You'd also get two 1095-As. For tax purposes, my understanding is that you just add together the numbers on the 1095-As and put those into your tax software and/or Form 8962.
You could be right. For me, it is too late, and I don't know if I had that option. But I started this thread to rant and to let those who will have this situation soon know that they need to think about it. If one elected two single policies at the beginning of the plan year, if allowable, it might get around this administrative glitch.
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Old 05-01-2020, 02:48 PM   #10
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How screwed up. Hopefully the providers office will have an empathetic ear and allow you to get rescheduled with the specialist. Sad you have to do that.
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Old 05-01-2020, 03:22 PM   #11
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I did this late last year. Removed me from the insurance and as primary contact while leaving DW on ACA. Really nutty how they make you wait until the last day. DW ended up with a different ID, so the old card was no use. Luckily she sees a doc only about once a year, so no problems needing a new card. You're just kind of in limbo for a while. Plus the auto payments are not corrected until too late, and we had a refund from 2018 being subtracted. The refund was more than required to finish the year with just one of us on the plan, so they owed us money that was hard to calculate and extract.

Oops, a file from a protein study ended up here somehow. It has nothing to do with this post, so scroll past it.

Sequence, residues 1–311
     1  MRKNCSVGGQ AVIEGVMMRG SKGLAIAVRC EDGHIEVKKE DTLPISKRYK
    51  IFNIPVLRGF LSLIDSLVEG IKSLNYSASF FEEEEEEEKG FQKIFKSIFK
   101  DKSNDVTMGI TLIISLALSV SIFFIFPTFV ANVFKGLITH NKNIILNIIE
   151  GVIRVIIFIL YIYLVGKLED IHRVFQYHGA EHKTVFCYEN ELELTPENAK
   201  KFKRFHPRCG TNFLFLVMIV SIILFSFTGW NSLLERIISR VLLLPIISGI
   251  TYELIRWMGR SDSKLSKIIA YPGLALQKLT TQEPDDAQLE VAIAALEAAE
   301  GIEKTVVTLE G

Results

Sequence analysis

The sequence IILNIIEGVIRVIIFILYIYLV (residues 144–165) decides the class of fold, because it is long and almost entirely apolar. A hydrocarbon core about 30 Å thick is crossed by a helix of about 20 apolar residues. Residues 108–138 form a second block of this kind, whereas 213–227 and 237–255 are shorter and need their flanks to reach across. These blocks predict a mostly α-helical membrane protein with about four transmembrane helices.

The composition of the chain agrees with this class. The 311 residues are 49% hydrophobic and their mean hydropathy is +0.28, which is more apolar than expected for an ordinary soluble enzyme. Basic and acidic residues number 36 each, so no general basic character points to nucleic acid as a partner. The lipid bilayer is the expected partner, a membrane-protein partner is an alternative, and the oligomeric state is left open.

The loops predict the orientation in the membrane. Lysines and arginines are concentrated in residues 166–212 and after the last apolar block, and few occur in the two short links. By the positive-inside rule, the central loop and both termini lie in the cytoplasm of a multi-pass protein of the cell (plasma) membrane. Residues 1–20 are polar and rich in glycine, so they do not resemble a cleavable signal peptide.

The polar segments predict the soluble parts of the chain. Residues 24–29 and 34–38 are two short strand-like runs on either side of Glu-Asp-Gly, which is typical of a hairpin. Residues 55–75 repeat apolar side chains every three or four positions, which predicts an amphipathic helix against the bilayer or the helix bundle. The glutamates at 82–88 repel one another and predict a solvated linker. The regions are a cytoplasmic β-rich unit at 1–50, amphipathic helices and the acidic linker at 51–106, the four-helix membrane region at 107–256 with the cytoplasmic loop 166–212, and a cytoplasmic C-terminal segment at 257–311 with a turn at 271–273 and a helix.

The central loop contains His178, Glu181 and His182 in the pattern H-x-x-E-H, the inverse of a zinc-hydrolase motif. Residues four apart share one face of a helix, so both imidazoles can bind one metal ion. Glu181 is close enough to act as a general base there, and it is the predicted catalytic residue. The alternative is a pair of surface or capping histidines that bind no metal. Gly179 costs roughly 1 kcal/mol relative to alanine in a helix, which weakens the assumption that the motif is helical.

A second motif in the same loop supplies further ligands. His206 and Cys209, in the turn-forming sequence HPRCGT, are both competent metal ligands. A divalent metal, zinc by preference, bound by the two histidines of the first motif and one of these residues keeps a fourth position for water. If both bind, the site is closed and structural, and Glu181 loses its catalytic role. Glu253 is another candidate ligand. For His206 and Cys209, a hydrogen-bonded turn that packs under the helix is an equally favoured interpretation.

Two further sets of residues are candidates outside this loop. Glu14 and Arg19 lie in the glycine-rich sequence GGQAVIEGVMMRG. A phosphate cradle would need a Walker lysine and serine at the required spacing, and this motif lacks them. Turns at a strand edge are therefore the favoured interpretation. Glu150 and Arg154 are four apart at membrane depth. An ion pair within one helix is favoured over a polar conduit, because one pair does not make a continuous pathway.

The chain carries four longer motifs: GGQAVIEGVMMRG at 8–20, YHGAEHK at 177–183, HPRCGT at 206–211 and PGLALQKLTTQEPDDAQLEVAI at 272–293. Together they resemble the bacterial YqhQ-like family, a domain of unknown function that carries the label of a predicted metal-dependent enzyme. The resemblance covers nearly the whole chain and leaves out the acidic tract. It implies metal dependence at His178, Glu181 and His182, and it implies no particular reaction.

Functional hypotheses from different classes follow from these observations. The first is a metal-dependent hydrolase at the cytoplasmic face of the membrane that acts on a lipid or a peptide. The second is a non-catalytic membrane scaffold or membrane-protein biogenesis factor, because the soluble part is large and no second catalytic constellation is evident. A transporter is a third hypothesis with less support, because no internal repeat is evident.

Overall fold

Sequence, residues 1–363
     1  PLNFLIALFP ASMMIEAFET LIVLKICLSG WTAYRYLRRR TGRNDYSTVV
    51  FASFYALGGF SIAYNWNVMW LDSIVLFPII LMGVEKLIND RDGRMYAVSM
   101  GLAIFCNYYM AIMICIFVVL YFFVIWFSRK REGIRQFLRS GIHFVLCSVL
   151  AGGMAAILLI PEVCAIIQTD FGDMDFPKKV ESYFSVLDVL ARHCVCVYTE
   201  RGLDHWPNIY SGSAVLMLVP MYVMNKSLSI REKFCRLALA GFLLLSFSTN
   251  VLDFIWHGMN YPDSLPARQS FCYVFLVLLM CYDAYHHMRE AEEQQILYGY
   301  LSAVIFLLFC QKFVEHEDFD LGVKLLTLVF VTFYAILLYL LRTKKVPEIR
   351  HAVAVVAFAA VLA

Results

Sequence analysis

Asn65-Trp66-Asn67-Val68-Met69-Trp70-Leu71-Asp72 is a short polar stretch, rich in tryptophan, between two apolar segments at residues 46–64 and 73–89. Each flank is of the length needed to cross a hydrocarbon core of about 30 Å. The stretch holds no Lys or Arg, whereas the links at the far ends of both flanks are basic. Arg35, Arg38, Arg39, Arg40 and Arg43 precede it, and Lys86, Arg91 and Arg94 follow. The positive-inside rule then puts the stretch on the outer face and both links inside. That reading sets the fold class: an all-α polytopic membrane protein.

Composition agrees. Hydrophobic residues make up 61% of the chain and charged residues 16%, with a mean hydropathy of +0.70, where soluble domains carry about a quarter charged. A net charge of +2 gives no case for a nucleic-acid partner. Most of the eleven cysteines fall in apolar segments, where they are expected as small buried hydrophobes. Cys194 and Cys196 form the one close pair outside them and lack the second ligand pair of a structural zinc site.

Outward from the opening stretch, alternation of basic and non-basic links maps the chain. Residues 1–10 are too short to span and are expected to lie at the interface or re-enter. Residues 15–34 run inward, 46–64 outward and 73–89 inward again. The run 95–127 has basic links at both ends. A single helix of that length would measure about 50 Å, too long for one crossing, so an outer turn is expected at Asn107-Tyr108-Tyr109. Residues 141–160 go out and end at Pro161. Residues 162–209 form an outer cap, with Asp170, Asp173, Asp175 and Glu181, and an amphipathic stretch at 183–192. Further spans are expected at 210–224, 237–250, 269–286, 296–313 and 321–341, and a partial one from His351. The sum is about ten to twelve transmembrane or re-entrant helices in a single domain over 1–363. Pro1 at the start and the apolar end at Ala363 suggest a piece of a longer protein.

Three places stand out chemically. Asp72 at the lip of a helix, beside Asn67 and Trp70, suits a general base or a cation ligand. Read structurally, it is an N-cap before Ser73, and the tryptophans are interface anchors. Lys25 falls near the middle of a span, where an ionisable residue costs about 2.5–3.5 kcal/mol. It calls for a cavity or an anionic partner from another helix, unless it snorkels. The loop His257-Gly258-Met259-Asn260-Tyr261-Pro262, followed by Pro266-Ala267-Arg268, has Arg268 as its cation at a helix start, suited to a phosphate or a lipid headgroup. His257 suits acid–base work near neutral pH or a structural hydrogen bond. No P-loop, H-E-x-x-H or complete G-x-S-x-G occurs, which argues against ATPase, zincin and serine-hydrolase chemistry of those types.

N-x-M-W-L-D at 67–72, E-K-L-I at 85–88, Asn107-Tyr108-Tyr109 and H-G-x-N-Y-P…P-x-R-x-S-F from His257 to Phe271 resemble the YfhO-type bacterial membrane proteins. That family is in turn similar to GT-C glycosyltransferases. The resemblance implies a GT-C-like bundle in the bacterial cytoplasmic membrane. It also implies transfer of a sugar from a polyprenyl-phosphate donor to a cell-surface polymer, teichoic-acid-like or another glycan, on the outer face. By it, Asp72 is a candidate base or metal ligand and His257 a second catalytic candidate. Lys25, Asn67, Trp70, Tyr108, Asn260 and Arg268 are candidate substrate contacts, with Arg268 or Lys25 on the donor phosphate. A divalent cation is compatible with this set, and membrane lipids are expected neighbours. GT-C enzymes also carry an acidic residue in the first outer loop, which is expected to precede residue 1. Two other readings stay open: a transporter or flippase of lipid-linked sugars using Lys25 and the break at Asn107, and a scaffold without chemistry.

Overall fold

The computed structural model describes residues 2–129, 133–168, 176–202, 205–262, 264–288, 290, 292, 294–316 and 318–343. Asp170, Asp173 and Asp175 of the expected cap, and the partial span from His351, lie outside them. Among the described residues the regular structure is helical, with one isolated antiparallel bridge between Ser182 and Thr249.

We did finally get our money. Doing taxes in TurboTax was a little fun with family coverage and then Medicare + individual coverage. But we should have seen the last of that mess now. A simple individual switch from ACA to Medicare for DW should be a piece of cake.

While I had thought of changing our primary contact or using two individual accounts before all this hit, Healthcare.gov was not terribly clear about how I could do that after creating a family account.
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Old 05-02-2020, 05:34 AM   #12
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The whole process is ridiculous. I changed our ACA last year where DH would be primary since my Medicare date was May 1. To make a simple change is cumbersome on the ACA website so I called in the middle of April to get a rep to drop my coverage May 1. They informed me I would need to call back on 04/30/20 as their system was not capable of entering a future effective date. If I called on 4/30 I was assured my coverage would end at 12 midnight on the last day of April. They also told me if I called in May I could lose all subsidies and the premium could increase.

Ok, so I called 4/30 and went thru the entire 30 minute process with the rep. I explained more than once that my Medicare coverage would start on May 1 and he stated he understood. Imagine my surprise when I looked up the ACA messages yesterday and found my coverage under ACA ended 4/29/2020. Also DH ACA ended same date with new plan beginning 4/30. So I went a day without health insurance. The only reason I wanted a rep involved was due to the ACA system being inflexible